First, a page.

Advertisement
YOU ARE HERE: LAT HomeCollections

Movie Review

Refreshing 'Croc Hunter' Has Comic Bite

Steve Irwin of Animal Planet takes the big screen by the tail with his usual quirky exuberance and documentary factoids.

July 12, 2002|JOHN ANDERSON | NEWSDAY

Steve Irwin probably drives a lot of people crazy. And with reason. His manic exuberance combined with his only reasonably convincing naivete probably makes them feel like one of those venomous reptiles Irwin swings around by the tail bellowing "Crikey" ("This snake is mad--really mad!"), as he explains a la Marlin Perkins why the thing could easily kill "a hundred blokes my size" and prompts the viewer to choose sides.

So the very idea of making a feature film about Irwin--the wildly enthusiastic, wildly knowledgeable wild man of the Australian Outback and the star of Animal Planet's "The Crocodile Hunter"--seems like a recipe for disaster because the standard recipe would call for him (and wife Terri, who drives the Jeep and the boat, and can never quite get the noose around the crocodile's snout) to do everything he doesn't do well. And that is precisely why "The Crocodile Hunter: Collision Course" is so refreshing and funny and, in its way, sophisticated.

Starting with the subplot--a twist in itself--"The Crocodile Hunter: Collision Course" opens in outer space, where a U.S. satellite self-destructs, hurling toward Earth its secretive black box, which lands in Australia and is promptly eaten by a 12-foot crocodile. The entire intelligence community is on alert, because loss of the box (actually more of a space ball, with apologies to Mel Brooks) could affect the future of the free world. Despite this, the government sends CIA agents to locate the thing and bring it back.

Cut to Steve and Terri who are essentially doing their show--yes, the aspect ratio changes to television format, Irwin narrates the action, Terri adds hilariously bland but educational commentary, and it's as if we're watching Animal Planet.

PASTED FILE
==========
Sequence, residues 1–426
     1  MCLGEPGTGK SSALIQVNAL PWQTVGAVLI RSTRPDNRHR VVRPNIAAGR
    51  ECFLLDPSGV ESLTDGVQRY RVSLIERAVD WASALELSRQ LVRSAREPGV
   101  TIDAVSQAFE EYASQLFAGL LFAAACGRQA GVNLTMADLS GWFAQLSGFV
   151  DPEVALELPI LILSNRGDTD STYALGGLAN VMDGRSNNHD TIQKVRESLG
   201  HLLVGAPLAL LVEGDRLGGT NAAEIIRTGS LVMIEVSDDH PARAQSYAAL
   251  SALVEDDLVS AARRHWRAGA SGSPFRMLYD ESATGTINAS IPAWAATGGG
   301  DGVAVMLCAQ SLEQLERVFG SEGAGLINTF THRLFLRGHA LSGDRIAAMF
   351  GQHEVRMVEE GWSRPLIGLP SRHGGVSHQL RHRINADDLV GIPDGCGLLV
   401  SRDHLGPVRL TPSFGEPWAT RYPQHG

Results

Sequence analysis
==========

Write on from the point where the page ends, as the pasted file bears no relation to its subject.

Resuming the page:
There is another subplot--a shotgun-toting farm woman (Magda Szubanski of "Babe") is after the same cow-eating crocodile, which Irwin is dispatched to relocate. Essentially, though, the Irwins never leave the sanctity of the documentary format.

Not that they have any idea that the CIA is after them (once they capture the crocodile, all U.S. surveillance suggests that they, not the croc, are in possession of the box). The Irwins just think the crazy guys with guns are poachers and outwit them with the aplomb of Osama bin Laden.

Although swathed in the comfortable clothing of the cable show, "The Crocodile Hunter: Collision Course" has a pretty deadly wit.

Irwin's never-ending monologue is consistently cornpone clever, delivered, as it is, while he has a deadly brown snake by the tail or is hunched over the back of a sometimes uncooperative crocodile.

There's the ever-so-subtle bit of naughtiness, such as when Terri takes her shirt off to warm an orphaned baby kangaroo (she has another on underneath) or when Irwin is particularly impressed by the equipment on a bird-eating spider ("Does she have a set of fangs on 'er or what!?"). Kids will love it because Irwin is always "mucking" around in "poo," telling you what the animal ate and then wiping it on his shirt.

It isn't Tom Stoppard. But it's just about as funny.

MPAA rating: PG, for action violence/peril and mild language. Times guidelines: Fine for kids who aren't frightened by the reptiles.

John Anderson writes about film for Newsday, a Tribune company.

'The Crocodile Hunter: Collision Course'

Steve Irwin...Himself

Terri Irwin...Herself

Magda Szubanski...Brozzie Drewitt

David Wenham...Sam Flynn

Metro-Goldwyn-Mayer Pictures presents a Best Picture Show Company / Cheyenne Enterprises production, released by MGM. Director John Stainton. Producers Arnold Rifkin, Judi Bailey, John Stainton. Screenplay by Holly Goldberg Sloan, story by John Stainton. Cinematographer David Burr. Editors Suresh Ayyar, Bob Blasall. Costume designer Jean Turnbull. Music Mark McDuff. Production designer Jon Dowding. Set decorator Chrissy Feld. Running time: 1 hour, 27 minutes.

In general release.

Advertisement
Los Angeles Times Articles
|
|
|